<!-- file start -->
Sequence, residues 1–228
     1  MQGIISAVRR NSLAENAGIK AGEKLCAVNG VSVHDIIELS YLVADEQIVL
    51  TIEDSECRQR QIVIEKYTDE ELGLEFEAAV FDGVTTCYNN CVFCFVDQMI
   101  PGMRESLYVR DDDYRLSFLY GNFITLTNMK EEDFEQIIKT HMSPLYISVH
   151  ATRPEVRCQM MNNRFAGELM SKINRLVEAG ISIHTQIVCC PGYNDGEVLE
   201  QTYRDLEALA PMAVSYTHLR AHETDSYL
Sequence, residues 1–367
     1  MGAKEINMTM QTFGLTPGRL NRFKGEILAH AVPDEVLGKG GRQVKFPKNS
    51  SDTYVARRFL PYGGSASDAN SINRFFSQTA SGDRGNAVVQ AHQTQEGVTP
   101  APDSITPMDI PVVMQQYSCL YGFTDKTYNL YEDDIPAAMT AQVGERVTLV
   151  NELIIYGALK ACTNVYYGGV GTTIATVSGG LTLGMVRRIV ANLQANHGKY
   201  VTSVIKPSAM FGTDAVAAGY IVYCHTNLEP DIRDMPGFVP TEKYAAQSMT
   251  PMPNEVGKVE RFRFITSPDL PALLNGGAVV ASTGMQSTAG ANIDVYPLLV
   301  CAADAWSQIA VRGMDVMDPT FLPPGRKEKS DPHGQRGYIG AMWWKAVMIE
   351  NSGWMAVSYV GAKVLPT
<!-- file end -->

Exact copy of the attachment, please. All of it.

Sequence, residues 1–228
     1  MQGIISAVRR NSLAENAGIK AGEKLCAVNG VSVHDIIELS YLVADEQIVL
    51  TIEDSECRQR QIVIEKYTDE ELGLEFEAAV FDGVTTCYNN CVFCFVDQMI
   101  PGMRESLYVR DDDYRLSFLY GNFITLTNMK EEDFEQIIKT HMSPLYISVH
   151  ATRPEVRCQM MNNRFAGELM SKINRLVEAG ISIHTQIVCC PGYNDGEVLE
   201  QTYRDLEALA PMAVSYTHLR AHETDSYL
Sequence, residues 1–367
     1  MGAKEINMTM QTFGLTPGRL NRFKGEILAH AVPDEVLGKG GRQVKFPKNS
    51  SDTYVARRFL PYGGSASDAN SINRFFSQTA SGDRGNAVVQ AHQTQEGVTP
   101  APDSITPMDI PVVMQQYSCL YGFTDKTYNL YEDDIPAAMT AQVGERVTLV
   151  NELIIYGALK ACTNVYYGGV GTTIATVSGG LTLGMVRRIV ANLQANHGKY
   201  VTSVIKPSAM FGTDAVAAGY IVYCHTNLEP DIRDMPGFVP TEKYAAQSMT
   251  PMPNEVGKVE RFRFITSPDL PALLNGGAVV ASTGMQSTAG ANIDVYPLLV
   301  CAADAWSQIA VRGMDVMDPT FLPPGRKEKS DPHGQRGYIG AMWWKAVMIE
   351  NSGWMAVSYV GAKVLPT